Tesla’s $70,000 electric sedan quickly emerged as a legitimate competitor in the luxury car segment last spring. Initial testing by Consumer Reports resulted in a score of 99 out of 100, the highest auto score ever given by the magazine.
In an update published on Monday, Consumer Reports provided details of several issues that have come to light. Gabe Shenhar, program manager and senior engineer at Consumer Reports’ auto testing center, wrote that while staff members continued to rave about the car, the Model S “displayed a few quirks” over the course of 15,743 miles.
The car’s automatic-retracting door handles failed to activate at times, preventing the driver from opening the door. Tesla resolved the problem with an over-the-air software update.
Consumer Reports also said the center screen went blank at a little more than 12,000 miles. That malfunction prevented access to nearly every function of the car. A Tesla service center performed a hard reset and made other fixes as well. Later, the trunk lid would not open and an adapter for non-Tesla chargers came apart.
Shenhar said Consumer Reports doesn’t use its test car to judge reliability. In an annual reliability survey last year, Consumer Reports gave the Model S a score of average based on feedback from 637 owners of the 2012 and 2013 models. This year’s reliability survey, which is due out in the fall, will include owners of the 2014 Model S.
“We’ve seen cars with more than their fair share of problems. It’s not unusual. It’s actually fairly common in the luxury segment,” Shenhar said in an interview.
Tesla said it focuses on being proactive when it comes to potential issues, even if they appear to be minor or have a low likelihood of causing addition problems.
“Like any owner, Consumer Reports benefits from the peace of mind afforded by the comprehensive Tesla warranty. In addition we are constantly upgrading the functionality, features and quality of every Model S through the free over the air updates we provide to every owner,” the Palo Alto, Calif.-based company said in a statement.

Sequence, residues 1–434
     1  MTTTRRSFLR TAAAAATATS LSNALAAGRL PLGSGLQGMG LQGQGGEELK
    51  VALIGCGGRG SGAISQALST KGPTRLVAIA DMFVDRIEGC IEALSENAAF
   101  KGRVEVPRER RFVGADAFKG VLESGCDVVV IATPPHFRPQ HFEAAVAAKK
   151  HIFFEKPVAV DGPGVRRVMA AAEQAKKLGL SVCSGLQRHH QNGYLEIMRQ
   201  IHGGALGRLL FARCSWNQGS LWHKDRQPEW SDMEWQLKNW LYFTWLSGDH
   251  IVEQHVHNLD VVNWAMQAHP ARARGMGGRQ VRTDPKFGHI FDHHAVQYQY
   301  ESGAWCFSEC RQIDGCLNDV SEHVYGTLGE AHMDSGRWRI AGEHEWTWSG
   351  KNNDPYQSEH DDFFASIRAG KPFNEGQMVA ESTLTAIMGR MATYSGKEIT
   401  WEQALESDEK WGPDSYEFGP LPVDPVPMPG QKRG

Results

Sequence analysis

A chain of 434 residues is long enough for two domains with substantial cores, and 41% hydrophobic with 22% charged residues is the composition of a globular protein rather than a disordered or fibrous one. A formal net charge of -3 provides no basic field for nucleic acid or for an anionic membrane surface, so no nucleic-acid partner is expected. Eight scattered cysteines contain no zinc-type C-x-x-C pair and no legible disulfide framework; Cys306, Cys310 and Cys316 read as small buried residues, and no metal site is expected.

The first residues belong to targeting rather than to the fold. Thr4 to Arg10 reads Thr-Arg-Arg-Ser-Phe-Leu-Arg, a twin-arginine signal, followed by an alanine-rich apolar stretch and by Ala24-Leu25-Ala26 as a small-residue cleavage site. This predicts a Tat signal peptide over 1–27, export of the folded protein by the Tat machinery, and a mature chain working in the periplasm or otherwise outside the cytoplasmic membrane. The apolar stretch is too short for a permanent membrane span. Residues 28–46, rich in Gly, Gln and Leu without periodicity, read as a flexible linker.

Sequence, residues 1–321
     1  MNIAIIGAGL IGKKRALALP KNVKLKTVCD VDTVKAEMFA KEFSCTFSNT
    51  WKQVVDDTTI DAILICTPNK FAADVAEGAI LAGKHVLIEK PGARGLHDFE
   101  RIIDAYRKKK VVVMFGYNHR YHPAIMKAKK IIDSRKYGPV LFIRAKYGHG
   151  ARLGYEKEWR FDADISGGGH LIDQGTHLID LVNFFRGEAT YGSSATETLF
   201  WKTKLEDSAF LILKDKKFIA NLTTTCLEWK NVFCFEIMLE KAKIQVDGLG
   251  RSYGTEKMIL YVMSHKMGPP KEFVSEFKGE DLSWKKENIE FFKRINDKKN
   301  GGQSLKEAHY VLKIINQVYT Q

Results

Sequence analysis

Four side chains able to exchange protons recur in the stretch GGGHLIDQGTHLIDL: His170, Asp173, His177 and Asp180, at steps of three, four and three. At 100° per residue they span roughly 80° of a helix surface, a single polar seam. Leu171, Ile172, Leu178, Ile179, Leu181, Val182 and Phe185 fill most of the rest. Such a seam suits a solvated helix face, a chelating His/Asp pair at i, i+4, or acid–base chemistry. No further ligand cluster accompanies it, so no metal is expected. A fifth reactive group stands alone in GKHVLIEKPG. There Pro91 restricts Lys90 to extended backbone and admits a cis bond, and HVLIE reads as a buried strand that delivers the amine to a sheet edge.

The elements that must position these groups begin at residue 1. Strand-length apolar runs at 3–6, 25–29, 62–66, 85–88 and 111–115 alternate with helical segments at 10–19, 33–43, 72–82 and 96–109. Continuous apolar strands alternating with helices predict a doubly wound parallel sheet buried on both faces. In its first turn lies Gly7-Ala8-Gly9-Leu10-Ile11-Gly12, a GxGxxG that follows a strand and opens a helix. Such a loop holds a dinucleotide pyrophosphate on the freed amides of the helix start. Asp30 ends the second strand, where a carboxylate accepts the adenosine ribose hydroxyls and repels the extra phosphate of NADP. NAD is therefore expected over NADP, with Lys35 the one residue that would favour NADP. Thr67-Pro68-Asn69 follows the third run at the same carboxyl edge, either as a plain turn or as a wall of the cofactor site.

S&P Capital IQ analyst Efraim Levy said he isn’t concerned about the quality of Tesla’s Model S, citing the automaker’s “excellent track record.”
Even when Tesla was faced with controversy over several fires involving the Model S, the cars’ safety features worked properly and protected the cabin, Levy noted. Tesla also responded by adding a titanium shield to protect the vehicle’s underbody.
Tesla’s stock drifted $1.15 lower, or 0.4%, to $258.17 in recent trading. Shares ended Monday’s session at a record high of $259.32.
“So far, it doesn’t appear widespread,” Levy added, referring to the issues covered by Consumer Reports. “That article is the first time I heard about it. I’m sure we would have heard about it if those problems were happening elsewhere.”
Shenhar also remarked on Tesla’s accommodating repair process. Service centers will pick up cars scheduled for repairs, provide a loaner at no cost to Model S owners and wash the car before returning it. “That’s unlike most brands,” Shenhar said.
Meanwhile, most of the issues encountered by Consumer Reports were covered by warranty. The magazine paid $636.90 with tax for maintenance service on the Model S.
So even if owners experience the same mechanical problems and push the car’s reliability score lower, owner satisfaction could remain high. Consumer Reports also measures owner satisfaction in its annual survey. Last year, Model S owners gave the car a score of 99 out of 100.
Shenhar said Consumer Reports will find out in the fall if the issues are more widespread. “It’s the owners out in the real world that will decide.”